For all the talk of Jesse Jackson Jr. aspiring to be a U.S. senator or mayor of the nation's third-largest city, his career wasn't ended by attempts to amass political power.
Instead, it was the former congressman's desire for flashy items — a gold-plated Rolex watch, furs and collectibles, such as Eddie Van Halen's guitar.
In a state where stop-at-nothing political ambition has been well documented — and often rewarded — the seemingly frivolous cause of Jackson's undoing is seen by political observers and at least one former colleague as both nonsensical and sad.
"I think it’s very sad anytime someone violates their oath of office," said Governor Pat Quinn. "We have a duty to the people to do things right all the time and anyone who violates their oath it's a major, major sad day for our state."
Federal officials filed charges Friday against Jesse Jackson Jr. after the former congressman reportedly signed a plea deal for allegedly improperly spending hundreds of thousands in campaign funds.
Prosecutors will recommend a prison sentence for between 46 and 57 months plus fines, according to reports.
"When you have a magic name like that, he was in position, waiting for the gun to go off, for mayor, the Senate ... he was playing with the big guys." said Paul Green, a longtime political scientist at Roosevelt University in Chicago who moderated Jackson's first congressional campaign debate. "To go down for this, you just feel sad."
Jackson's wife, former Chicago Ald. Sandi Jackson, has also been charged with falsifying her tax returns and reporting less income than she made.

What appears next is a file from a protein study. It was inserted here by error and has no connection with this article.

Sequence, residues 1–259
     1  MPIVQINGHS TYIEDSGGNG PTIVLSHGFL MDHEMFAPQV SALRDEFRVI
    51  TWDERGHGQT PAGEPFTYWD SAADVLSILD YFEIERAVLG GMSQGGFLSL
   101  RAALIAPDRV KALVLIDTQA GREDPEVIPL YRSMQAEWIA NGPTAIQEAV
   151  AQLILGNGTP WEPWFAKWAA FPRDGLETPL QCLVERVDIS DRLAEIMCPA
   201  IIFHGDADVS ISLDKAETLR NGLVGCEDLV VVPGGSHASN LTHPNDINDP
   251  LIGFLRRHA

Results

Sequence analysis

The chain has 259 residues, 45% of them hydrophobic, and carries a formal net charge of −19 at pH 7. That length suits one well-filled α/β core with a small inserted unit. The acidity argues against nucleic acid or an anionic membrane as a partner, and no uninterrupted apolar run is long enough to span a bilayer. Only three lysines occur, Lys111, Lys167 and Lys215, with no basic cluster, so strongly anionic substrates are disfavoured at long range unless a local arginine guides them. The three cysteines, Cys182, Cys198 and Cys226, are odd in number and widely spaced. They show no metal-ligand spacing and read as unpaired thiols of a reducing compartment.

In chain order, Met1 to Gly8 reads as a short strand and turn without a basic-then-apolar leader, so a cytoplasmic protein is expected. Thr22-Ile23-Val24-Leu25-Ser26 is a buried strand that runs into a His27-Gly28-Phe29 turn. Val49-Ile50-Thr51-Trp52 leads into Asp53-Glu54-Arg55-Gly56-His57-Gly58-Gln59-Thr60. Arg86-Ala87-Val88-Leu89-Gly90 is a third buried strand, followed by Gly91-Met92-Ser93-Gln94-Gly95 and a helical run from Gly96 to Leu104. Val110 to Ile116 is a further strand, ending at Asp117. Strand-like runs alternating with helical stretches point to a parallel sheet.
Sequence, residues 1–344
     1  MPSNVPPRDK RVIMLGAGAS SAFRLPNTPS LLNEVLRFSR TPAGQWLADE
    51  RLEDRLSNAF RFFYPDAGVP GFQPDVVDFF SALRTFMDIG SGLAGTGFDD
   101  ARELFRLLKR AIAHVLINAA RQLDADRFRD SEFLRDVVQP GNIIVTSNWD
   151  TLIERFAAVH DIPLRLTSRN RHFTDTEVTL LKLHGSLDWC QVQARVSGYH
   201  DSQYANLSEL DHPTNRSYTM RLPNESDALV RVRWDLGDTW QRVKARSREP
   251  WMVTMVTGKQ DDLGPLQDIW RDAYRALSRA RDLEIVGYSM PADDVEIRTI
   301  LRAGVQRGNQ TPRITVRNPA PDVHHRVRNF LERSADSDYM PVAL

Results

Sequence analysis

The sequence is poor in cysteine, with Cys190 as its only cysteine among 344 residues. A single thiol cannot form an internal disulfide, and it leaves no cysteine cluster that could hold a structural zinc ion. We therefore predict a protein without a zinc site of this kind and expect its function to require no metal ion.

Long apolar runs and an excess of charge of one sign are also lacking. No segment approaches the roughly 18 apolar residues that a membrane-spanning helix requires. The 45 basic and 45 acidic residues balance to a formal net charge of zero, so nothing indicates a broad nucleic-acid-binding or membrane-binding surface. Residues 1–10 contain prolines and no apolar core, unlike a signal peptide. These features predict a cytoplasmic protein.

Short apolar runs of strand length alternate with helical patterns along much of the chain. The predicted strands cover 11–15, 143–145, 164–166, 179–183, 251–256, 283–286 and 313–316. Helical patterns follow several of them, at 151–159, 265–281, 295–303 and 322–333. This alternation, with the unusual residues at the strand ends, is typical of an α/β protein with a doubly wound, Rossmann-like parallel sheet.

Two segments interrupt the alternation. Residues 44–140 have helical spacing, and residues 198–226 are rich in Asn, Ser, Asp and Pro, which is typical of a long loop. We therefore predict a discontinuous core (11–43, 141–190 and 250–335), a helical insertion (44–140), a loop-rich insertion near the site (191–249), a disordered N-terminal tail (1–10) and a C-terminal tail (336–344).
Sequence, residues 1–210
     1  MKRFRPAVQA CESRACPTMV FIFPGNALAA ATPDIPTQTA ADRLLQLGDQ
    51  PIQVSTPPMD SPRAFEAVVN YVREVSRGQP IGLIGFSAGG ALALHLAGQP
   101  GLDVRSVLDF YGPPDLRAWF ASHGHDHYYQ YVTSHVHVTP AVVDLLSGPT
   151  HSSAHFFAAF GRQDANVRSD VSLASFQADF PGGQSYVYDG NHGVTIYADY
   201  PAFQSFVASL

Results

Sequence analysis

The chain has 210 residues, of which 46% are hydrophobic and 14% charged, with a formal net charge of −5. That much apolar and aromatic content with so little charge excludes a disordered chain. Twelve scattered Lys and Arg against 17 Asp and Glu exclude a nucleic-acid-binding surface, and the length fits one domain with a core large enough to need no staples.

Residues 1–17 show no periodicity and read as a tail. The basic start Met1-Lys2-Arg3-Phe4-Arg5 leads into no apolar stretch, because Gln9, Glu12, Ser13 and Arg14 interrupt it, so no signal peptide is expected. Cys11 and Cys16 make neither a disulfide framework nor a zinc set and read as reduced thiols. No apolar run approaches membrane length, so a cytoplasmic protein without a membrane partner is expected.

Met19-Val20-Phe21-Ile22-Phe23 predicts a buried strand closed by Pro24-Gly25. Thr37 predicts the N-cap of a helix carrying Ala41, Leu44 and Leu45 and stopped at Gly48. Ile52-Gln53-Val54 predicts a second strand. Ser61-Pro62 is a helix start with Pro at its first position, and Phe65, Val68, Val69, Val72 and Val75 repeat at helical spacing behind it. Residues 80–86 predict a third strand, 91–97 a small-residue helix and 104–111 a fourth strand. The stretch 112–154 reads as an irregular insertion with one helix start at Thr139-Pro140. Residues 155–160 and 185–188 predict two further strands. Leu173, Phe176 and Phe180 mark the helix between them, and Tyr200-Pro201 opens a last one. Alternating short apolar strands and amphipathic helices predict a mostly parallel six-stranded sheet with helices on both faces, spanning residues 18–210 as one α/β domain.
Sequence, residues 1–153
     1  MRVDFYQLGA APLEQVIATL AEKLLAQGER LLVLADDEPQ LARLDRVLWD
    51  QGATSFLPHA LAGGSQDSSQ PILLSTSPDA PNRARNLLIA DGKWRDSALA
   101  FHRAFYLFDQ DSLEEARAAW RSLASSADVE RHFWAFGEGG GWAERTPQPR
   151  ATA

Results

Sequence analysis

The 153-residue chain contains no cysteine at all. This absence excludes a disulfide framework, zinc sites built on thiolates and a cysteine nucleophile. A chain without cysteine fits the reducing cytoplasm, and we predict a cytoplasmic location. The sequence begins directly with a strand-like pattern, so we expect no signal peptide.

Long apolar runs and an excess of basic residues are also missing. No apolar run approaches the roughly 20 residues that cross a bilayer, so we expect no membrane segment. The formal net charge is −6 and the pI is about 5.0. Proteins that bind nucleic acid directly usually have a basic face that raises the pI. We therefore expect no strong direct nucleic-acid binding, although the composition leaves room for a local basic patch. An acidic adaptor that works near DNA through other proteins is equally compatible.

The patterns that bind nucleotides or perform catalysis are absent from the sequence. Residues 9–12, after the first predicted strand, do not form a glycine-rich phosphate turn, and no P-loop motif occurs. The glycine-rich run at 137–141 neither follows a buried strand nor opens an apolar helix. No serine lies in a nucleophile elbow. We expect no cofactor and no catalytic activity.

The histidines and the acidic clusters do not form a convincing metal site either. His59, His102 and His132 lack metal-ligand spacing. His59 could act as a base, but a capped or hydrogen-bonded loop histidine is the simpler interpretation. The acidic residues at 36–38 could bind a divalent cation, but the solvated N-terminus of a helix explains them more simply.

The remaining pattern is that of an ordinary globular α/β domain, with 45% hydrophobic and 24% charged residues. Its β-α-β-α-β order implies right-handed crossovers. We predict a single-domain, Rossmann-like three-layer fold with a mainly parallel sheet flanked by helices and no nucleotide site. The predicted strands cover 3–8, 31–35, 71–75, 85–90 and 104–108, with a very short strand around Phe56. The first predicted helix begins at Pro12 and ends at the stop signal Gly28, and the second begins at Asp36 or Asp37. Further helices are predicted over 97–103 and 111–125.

When Jackson resigned from office in November, he cited his bipolar disorder and acknowledged he also was under federal investigation. Sandi Jackson resigned from her Chicago alderman seat in January.
U.S. Rep. Danny Davis, who represents a neighboring district and visited Jackson Jr. shortly after his release from treatment at the Mayo Clinic, said the charges against the Jacksons "couldn't be more unfortunate."
"I think things probably just got out of hand for them and they got involved in making decisions that just didn't make a lot of good sense," Davis said.
Davis wondered whether the long list of luxury purchases mentioned in the federal criminal complaint were "an indication that his bipolar condition kind of was manifesting itself even then."
If so, he said, it's unfair to compare this situation to other Illinois corruption.
"It's hard to rationalize it," Davis said. "Not all elected officials in Illinois are corrupt or building any kind of political dynasty or trying to develop political power. Most individuals elected to public office are citizens who want to make the most effective use of themselves and make this world a better place in which to live."
Associated Press writers Don Babwin and Tammy Webber contributed to this report.